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The past few weeks have seen quite a few textbook-related headlines — from digital textbook startup Kno’s announcement that is entering the K-12 education market to Amazon’s decision to rent textbooks to free textbook alternative Boundless Learning’s move out of private beta. But BenchPrep, a Chicago-based ed tech startup, isn’t interested in delivering new kinds of textbooks, but new kinds of courses.
Last month the company said it had raised $6 million from New Enterprise Associates and others and on Thursday the company said it had added several new publishers to its roster. The new partners, which include Pearson Education, Inc., O’Reilly Media, Inc., Microsoft(s msft) Press, Archipelago Learning (now part of Plato Learning), A.D. Banker & Co., and Allen Resources, put the company on track to offer 200 courses by the end of September, with another 400 in its pipeline. At the moment, the company offers 120 courses.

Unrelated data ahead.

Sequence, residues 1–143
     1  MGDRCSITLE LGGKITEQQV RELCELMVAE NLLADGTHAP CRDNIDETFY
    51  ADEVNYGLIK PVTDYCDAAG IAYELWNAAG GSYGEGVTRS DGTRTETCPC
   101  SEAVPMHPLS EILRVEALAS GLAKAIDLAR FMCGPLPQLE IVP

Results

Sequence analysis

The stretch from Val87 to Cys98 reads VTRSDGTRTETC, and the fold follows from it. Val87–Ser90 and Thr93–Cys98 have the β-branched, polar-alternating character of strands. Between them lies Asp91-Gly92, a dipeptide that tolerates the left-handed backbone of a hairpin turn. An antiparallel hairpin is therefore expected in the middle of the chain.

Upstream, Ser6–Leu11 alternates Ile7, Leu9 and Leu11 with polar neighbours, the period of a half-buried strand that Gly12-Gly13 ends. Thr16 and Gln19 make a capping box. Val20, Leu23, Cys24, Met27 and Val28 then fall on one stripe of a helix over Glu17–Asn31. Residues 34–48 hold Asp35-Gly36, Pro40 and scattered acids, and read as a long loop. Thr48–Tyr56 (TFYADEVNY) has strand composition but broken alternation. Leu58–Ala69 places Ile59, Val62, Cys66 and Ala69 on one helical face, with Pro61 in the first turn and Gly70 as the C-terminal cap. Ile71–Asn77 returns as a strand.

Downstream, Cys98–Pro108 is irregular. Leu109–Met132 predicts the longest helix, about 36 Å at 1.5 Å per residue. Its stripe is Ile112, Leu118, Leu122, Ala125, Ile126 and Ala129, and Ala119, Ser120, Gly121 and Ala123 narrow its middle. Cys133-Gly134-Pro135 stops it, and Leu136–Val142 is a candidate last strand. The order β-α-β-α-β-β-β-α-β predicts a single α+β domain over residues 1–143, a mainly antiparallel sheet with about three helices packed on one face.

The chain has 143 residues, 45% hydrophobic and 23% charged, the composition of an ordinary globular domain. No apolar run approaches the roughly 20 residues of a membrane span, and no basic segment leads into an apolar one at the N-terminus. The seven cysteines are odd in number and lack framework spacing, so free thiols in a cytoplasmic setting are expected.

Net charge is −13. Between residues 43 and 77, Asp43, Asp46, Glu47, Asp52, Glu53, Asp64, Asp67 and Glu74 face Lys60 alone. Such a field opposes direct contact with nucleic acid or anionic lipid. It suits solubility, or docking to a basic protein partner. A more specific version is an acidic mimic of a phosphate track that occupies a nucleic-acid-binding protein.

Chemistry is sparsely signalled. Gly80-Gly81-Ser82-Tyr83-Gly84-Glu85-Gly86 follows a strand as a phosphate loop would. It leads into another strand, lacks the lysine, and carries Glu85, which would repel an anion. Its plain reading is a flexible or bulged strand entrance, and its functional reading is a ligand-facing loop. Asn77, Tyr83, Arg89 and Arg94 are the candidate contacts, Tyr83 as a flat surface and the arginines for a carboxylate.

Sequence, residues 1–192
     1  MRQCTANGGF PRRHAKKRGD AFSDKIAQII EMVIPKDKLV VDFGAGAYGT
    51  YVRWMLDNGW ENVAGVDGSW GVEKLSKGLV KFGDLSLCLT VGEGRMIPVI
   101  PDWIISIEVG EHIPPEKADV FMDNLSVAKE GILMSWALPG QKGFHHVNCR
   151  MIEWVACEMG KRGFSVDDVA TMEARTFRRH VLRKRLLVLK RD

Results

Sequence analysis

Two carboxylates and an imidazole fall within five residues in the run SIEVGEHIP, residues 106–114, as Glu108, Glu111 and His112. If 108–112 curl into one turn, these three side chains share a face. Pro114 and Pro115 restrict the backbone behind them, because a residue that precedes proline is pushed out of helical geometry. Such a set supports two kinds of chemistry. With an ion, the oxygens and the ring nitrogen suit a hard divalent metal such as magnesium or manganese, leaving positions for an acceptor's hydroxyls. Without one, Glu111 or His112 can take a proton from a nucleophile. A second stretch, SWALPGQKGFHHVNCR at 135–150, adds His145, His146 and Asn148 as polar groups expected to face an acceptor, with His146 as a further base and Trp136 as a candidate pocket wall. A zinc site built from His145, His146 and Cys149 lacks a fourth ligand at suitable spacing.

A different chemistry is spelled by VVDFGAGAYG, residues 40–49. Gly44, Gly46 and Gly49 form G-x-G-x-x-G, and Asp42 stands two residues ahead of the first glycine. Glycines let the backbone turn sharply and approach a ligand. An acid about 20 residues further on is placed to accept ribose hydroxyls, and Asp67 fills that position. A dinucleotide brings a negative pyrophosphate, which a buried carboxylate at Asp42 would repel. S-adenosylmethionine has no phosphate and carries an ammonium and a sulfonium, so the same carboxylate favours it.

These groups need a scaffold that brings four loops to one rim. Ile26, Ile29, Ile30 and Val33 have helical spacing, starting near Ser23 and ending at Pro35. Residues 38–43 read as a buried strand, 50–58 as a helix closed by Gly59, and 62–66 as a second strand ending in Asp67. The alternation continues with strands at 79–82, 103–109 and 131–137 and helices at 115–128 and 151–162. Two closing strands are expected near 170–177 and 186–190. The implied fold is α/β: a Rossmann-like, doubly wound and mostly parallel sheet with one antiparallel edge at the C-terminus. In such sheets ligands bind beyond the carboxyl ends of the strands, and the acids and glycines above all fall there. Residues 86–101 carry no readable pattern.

Co-founder Ashish Rangnekar said that when the platform launched a year ago (and rebranded from its initial launch as Watermelon Express), its focus was on test prep. But as the platform attracted users (it now has 250,000), they realized that they could also make a play to help students in their learning before or after an ACT, GRE or other kind of standardized exam.
“With these partnerships, we’re able to fill in some gaps in our course portfolio,” he said “Now, we’re able to cover all the bases and once a student is on BenchPrep, they have all the courses for their learning needs.”
While its earlier offerings focused on college test prep, the new courses focus on curriculum with interactive courses for college physics, algebra, chemistry, etc.
With its new options, BenchPrep seems to be moving into territory occupied by Kno and Inkling, which provide digital textbooks that include some interactive elements for college courses.
Rangnekar, however, said that while the topics may overlap, those companies remain more focused on distributing books in a digital format and BenchPrep is offering more involved multi-platform courses. In addition to working more closely with the publishers to refashion content for its platform, he said, BenchPrep’s final product includes more video, exercises and assessments.
Still, as digital textbooks become more interactive, the line between a ‘book’ and an online, instructor-less ‘course’ will blur, and it will be interesting to see how these various companies differentiate themselves and progress.